My name is Carrie.
I am married to a man named Joe.
I am a mother.
I have four boys, and one girl.
I am raising a complicated child. His name is Jack.
No honor roll.
No sleepovers, or home runs on a sunlit baseball field.
These days, many kids build their very identity upon these things.
What is his identity?
Is it autism?
I hope not, because he is very certainly much more than a diagnosis doled out in a dimly lit doctor’s office.
I am raising a complicated child who is fifteen and very tall and he usually wears glasses but he lost them at the YMCA last week.
I am raising a complicated child with a very monotone voice that drones at me from 2:55 in the afternoon when he gets off the bus, until 8:45 at night when he finally—finally—settles into sleep.
At the same time, I am trying to raise three other boys and one girl and not let them feel the autism too much but also let them experience it because really, who doesn’t grow and change and transform in the presence of a brother who only talks about Disney movies and cheese graters?
The cheese grater thing is new. Disney movies, well, we’ve been here for quite a while.
Some days, I am so busy redirecting him from kitchen appliances and movies, that I forget to tell him how much l love him.
I mean, how grotesque is that?
I have said it before, and I will say it again. I wish everyone in the whole entire universe had a chance to raise a child like Jack.
I do not say this to be mean, or spiteful. I don’t say it because this boy gave me a life full of rainbows and confetti and eternal sunshine. He didn’t, in case you were wondering.
He gave me something better.
He gave me perspective.
Perspective is not something you can give back, or undo. Once you have it, it is yours forever.
It’s a whole new direction.
Sure, I hear people talk about the trophies and the sleepovers and the home runs. I don’t begrudge anyone that.
I don’t hear anyone talk about sibling rivalry.
Or rejection letters from college.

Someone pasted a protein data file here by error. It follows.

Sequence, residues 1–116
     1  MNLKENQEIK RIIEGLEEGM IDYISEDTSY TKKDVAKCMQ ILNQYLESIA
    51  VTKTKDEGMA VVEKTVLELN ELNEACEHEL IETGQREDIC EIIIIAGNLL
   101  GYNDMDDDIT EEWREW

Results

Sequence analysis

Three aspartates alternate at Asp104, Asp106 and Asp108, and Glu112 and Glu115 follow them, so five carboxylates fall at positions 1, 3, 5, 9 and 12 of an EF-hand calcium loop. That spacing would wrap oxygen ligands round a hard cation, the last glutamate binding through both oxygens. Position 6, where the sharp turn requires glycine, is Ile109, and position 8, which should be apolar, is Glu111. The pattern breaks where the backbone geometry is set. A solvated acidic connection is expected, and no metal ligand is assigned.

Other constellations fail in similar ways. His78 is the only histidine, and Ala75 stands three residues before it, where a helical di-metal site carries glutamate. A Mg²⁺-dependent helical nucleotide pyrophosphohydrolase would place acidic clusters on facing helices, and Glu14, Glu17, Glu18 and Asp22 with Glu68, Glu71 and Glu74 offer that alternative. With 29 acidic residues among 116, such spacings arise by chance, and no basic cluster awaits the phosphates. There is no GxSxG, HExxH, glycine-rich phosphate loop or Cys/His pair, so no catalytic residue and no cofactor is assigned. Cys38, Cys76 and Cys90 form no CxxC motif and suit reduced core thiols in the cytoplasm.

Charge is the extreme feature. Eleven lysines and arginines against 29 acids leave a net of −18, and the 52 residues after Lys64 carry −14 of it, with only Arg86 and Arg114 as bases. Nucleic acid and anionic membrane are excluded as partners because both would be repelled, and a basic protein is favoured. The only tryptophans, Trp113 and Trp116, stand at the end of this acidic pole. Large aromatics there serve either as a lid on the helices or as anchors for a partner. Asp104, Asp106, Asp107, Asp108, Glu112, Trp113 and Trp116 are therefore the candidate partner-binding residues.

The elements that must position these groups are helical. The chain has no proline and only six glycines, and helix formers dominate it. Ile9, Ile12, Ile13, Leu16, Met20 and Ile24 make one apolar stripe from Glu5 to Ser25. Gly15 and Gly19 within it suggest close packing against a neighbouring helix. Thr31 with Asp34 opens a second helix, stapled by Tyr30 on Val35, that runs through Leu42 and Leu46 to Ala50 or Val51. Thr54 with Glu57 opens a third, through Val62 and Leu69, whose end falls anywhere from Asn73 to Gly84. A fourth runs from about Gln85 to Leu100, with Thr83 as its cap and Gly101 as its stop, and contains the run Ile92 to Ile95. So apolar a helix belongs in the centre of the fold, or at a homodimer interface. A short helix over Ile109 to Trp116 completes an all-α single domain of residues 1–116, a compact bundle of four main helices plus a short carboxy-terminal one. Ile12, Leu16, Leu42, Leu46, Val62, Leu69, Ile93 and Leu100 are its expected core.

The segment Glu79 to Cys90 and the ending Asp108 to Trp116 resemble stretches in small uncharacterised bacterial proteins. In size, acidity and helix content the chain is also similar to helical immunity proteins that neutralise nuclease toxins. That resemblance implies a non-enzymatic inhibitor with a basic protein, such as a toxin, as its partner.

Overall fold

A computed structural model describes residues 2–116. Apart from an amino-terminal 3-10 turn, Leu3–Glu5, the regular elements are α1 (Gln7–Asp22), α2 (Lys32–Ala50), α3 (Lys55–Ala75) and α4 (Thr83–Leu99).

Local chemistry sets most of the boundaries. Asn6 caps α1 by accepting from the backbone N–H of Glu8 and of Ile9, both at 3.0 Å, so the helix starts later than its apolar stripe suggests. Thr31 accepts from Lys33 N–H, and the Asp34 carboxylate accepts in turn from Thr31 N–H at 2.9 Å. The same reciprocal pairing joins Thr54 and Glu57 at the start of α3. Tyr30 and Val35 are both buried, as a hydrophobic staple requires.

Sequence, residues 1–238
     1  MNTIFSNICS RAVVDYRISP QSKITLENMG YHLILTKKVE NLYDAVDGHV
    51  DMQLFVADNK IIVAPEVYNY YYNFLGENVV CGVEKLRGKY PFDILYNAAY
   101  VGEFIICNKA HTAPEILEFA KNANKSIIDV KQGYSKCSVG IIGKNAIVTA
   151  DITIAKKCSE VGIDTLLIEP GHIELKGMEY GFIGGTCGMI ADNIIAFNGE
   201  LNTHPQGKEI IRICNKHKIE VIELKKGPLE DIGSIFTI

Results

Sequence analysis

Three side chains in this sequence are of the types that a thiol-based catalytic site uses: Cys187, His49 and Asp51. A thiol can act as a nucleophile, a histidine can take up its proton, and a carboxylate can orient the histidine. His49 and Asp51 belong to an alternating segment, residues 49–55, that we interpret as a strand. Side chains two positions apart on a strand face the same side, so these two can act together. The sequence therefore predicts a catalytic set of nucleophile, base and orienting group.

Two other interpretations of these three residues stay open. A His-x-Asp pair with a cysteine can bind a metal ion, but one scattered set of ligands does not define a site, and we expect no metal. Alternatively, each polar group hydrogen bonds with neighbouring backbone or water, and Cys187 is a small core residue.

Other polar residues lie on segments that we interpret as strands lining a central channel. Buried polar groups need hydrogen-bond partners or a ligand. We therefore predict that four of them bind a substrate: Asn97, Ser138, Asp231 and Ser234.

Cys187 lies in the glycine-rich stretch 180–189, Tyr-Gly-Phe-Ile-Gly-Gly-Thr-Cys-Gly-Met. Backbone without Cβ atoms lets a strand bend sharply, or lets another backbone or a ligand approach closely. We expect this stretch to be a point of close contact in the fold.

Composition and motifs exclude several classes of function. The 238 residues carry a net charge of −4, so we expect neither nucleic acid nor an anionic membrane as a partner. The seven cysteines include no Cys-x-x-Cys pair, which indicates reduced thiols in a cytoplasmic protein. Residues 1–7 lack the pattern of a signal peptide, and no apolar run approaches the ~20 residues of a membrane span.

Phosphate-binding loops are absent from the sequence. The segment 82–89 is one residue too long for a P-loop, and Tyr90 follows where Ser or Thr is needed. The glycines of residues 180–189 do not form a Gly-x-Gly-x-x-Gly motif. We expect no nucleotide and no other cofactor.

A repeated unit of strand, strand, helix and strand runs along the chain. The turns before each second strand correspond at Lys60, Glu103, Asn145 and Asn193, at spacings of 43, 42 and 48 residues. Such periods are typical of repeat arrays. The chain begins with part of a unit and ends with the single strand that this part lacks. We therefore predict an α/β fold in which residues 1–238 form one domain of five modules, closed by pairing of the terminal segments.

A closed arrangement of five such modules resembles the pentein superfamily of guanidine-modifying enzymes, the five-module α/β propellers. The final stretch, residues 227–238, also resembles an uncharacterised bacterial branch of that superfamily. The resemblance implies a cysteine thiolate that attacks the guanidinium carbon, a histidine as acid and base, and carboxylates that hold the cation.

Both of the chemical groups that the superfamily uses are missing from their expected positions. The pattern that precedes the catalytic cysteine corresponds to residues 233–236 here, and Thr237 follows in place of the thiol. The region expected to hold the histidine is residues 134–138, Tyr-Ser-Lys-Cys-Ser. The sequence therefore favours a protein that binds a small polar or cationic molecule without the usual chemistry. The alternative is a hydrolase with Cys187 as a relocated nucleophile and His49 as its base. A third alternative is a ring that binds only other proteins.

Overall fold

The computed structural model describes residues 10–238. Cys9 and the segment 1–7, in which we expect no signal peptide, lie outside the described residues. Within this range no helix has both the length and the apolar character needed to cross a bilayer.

I mean, where did all the ordinary kids go?
I have ordinary kids. They are here, living in my house.
Sure, they are nice people and the do some things really well and other things they struggle with—like loading the last fork into the dishwasher after dinner—but for the most part, we are ordinary.
I like being ordinary.
See, we autism parents crave ordinary. In fact, most of us get right down on our very knees and pray for it.
And at the same time, the gift of autism is the very ordinariness of it all. My son boils life down to the basics. He has forced me to consider what is essential, and what is meaningless.
How to cheer someone up after a bad day, how to change a shower curtain, how to be a good neighbor.
How to apologize.
When to throw out cheese, how to regulate your body, the best way to walk into a crowded room.
This is all very ordinary stuff, and yet it is powerful. It is rich, and worthwhile.
I guess my question is, are you raising a complicated child? A child prone to rages and insults and broken dishes and maybe a great big dose of anxiety?
A child on medication, with a behavioral plan at school and a therapist waiting in the wings?
You are not alone.
Don’t hide. Don’t retreat into the shadows of awards, and diplomas, and varsity trophies.
Don’t keep your life a secret.
We are here. We are your safety net.
We don’t need to lie about who we are, or who our kids are.
We don’t need to apologize.
I mean, once you tell an outright lie—oh, he’s fine, just taking some time off, you know, a gap year—do you know who hears it first?
He does. Your son.
She does. Your daughter.
They feel your residual shame like burnt garlic on their tongues.
They are not an extension of you.
This is not your fault.
The hitting, the kicking, the biting.
The delayed degrees, the rejection letters, the anxiety.
The calls to the police, the research for a better psychiatrist.
It’s not your fault.
It’s not because you weren’t strict enough, or fun enough, or smart enough, or enough enough.
It could be any of us.
Since my son Jack, I have learned to understand chances and percentages and possibilities a little more acutely.
Any one of us could have the bully.
Any one of us could call Walgreens for a refill on a Wednesday afternoon.
Any one of us could cry at night—alone and ashamed and determine to hide behind a façade someone else constructed for us to follow.
Nothing is impossible.
You are not alone.
Sometimes, after he falls asleep, I kneel by his bed and I whisper all the things I forgot to say during the day, when the sun shined bright and warm.
Hold your head high, Jack-a-boo. When you walk into the room.
You are bigger than this.
We are bigger than this.
I love you.